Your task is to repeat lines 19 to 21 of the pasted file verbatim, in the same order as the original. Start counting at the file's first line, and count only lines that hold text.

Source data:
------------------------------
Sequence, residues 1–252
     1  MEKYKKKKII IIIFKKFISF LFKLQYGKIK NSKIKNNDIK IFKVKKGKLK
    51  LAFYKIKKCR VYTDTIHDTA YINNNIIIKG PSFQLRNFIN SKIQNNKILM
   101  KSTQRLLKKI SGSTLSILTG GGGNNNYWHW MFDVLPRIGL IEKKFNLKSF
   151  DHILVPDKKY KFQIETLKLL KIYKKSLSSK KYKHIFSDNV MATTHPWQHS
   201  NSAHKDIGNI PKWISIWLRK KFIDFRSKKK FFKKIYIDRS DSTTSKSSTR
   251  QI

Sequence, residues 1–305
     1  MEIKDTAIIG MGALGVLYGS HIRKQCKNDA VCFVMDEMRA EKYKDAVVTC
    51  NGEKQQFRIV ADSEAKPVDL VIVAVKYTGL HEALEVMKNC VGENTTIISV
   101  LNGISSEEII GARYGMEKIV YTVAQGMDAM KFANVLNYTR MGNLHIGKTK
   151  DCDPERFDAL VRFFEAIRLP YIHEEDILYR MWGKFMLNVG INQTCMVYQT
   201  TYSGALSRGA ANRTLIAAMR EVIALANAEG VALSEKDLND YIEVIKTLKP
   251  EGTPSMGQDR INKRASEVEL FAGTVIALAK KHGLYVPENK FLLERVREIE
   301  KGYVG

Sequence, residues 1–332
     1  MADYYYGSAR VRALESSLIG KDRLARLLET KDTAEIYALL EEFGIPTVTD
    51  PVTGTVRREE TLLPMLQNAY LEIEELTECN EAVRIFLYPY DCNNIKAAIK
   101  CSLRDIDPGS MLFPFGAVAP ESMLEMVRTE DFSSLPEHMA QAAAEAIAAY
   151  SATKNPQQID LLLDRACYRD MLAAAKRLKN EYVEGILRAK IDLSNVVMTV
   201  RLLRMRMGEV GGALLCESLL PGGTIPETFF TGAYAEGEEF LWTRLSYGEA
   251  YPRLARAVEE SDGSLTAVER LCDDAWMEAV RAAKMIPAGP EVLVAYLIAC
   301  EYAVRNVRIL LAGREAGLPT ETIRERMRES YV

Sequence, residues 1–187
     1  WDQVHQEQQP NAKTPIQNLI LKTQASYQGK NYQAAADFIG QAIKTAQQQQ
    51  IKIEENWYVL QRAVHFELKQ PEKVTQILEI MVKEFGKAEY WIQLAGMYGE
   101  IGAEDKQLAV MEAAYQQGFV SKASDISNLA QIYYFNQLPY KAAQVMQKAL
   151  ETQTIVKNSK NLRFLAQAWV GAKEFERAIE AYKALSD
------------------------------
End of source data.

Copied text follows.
   101  CSLRDIDPGS MLFPFGAVAP ESMLEMVRTE DFSSLPEHMA QAAAEAIAAY
   151  SATKNPQQID LLLDRACYRD MLAAAKRLKN EYVEGILRAK IDLSNVVMTV
   201  RLLRMRMGEV GGALLCESLL PGGTIPETFF TGAYAEGEEF LWTRLSYGEA